Palo Duro Canyon, Texas Panhandle

Deer poses for a photo. Palo Duro State Park, Texas.  Google maps photo by Sergio Rebolledo.
Deer poses for a photo. Palo Duro State Park, Texas. Google maps photo by Sergio Rebolledo.

 

"As the second-largest canyon in the United States, it is roughly 70 mi long and has an average width of 6 mi, but reaches a width of 20 mi at places. Its depth is around 820 ft, but in some locations, it can increase up to 1,000 ft. Palo Duro Canyon has been named "The Grand Canyon of Texas" both for its size and for its dramatic geological features, including the multicolored layers of rock and steep mesa walls similar to those in the Grand Canyon."

 

 

Palo Duro Canyon State Park near Amarillo, TX.  Wikipedia photo by Leaflet - Own work, CC BY-SA 3.0, https://commons.wikimedia.org/w/index.php?curid=7743612
Palo Duro Canyon State Park near Amarillo, TX. Wikipedia photo by Leaflet - Own work, CC BY-SA 3.0, https://commons.wikimedia.org/w/index.php?curid=7743612

 

Looking to go camping?  "Choose from campsites with water and electricity, primitive drive-up sites, equestrian sites, or backpack camping areas. Stay in one of three cabins on the canyon’s rim or four limited service cabins on the canyon floor. Rent our new pavilion for a wedding, reunion or meeting."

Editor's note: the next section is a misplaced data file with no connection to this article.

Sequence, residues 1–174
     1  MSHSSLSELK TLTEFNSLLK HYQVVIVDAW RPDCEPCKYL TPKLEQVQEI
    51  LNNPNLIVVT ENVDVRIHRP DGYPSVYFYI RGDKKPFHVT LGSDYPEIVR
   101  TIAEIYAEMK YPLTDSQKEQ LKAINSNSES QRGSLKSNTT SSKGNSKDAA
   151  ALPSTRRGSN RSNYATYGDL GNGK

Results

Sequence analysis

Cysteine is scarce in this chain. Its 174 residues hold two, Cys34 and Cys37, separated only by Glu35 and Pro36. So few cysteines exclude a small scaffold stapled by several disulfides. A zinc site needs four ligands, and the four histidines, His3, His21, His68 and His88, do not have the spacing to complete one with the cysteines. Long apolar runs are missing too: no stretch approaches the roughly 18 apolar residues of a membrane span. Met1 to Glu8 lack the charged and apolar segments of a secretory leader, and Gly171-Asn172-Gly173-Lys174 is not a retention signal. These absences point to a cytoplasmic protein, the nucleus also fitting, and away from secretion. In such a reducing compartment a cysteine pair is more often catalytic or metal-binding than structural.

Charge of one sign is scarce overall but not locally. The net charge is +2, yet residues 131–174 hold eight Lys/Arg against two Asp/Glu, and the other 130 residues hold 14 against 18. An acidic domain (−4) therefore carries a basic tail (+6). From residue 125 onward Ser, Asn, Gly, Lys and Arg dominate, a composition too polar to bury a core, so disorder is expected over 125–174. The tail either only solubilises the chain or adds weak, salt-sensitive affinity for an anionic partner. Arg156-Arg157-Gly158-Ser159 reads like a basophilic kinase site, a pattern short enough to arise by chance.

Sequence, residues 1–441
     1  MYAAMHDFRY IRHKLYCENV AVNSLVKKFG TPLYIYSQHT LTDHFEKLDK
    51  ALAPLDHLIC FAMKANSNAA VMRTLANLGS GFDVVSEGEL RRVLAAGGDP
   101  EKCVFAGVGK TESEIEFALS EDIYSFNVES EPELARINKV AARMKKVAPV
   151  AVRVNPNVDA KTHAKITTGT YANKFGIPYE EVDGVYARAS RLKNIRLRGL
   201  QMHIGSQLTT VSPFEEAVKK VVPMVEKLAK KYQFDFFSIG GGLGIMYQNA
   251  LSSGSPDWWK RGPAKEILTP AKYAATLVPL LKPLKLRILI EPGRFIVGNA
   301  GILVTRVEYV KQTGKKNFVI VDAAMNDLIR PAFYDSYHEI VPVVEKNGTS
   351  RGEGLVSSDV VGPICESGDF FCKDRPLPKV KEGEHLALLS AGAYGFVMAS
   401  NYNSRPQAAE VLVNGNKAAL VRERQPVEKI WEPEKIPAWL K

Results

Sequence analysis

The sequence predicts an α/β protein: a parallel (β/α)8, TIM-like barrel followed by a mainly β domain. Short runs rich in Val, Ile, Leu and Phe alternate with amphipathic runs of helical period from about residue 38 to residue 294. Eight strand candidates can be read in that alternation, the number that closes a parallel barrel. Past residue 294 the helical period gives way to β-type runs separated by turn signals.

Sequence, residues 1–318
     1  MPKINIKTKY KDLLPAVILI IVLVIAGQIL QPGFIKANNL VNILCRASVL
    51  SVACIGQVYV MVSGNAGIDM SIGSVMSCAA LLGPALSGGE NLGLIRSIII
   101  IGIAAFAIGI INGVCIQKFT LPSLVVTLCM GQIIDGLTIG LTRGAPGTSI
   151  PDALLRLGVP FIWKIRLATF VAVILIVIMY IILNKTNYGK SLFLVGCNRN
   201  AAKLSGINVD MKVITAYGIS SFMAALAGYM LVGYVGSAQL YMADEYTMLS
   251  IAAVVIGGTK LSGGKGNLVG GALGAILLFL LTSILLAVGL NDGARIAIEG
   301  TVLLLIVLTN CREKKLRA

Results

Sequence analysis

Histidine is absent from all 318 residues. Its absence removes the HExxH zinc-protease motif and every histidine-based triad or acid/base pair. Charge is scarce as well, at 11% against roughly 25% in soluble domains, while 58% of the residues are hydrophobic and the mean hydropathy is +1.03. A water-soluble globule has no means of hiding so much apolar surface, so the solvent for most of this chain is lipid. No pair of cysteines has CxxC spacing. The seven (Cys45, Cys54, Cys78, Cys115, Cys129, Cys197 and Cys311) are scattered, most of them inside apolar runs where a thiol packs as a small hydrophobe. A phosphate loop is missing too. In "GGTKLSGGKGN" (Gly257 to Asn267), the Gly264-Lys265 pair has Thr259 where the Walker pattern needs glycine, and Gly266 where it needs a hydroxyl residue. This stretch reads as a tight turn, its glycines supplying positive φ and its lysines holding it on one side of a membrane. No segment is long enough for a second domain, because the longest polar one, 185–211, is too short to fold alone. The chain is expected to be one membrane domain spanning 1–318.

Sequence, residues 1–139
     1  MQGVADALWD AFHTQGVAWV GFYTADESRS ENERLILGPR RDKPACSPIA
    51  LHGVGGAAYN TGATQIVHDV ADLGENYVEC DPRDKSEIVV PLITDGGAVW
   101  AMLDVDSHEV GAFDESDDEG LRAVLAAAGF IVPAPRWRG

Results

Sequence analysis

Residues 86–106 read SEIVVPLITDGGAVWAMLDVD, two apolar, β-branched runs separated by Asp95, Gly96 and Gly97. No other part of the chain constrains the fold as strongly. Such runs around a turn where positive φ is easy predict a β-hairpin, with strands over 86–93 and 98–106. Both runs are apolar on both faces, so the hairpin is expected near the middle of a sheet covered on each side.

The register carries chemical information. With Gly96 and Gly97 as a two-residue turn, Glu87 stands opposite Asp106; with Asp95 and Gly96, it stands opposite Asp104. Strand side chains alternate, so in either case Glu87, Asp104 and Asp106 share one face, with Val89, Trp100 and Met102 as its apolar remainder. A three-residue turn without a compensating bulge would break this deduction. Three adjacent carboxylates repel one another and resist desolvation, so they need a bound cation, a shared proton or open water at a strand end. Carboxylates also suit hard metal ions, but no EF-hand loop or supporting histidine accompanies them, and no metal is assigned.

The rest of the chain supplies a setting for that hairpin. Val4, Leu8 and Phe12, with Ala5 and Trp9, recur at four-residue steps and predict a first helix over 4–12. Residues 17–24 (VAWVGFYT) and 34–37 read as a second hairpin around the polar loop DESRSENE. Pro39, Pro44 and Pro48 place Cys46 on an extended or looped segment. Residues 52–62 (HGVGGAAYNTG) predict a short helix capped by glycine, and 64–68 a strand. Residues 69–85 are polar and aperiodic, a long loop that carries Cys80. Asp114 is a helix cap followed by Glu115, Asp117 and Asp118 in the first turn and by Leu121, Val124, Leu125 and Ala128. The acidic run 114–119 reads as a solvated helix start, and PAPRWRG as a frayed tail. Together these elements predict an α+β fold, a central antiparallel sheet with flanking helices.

Palo Duro Canyon State Park near Amarillo, TX. Google maps photo by Bobby McCracken.
Palo Duro Canyon State Park near Amarillo, TX. Google maps photo by Bobby McCracken.

Caprock Canyon

Caprock Canyon formation near Amarillo, TX. Google maps photo by Jeff Lynch.
Caprock Canyon formation near Amarillo, TX. Google maps photo by Jeff Lynch.
Bison herd at Caprock Canyons State Park near Amarillo, Texas.
Bison herd at Caprock Canyons State Park near Amarillo, Texas.

Caprock Canyons State Park has more formations, 2 hours southeast of Palo Duro. Plus you can check out their Bison herd. "History was made on Aug. 19, 2014 at Caprock Canyons State Park as cow #120 took the first steps to lead the Texas State Bison Herd into their new range within the park. The herd now has over 10,000 acres to roam. This legendary bison herd was started by famed cattleman Charles Goodnight and his wife Mary Ann in 1878. It is one of the five foundation herds credited with saving this magnificent animal from extinction." 

 

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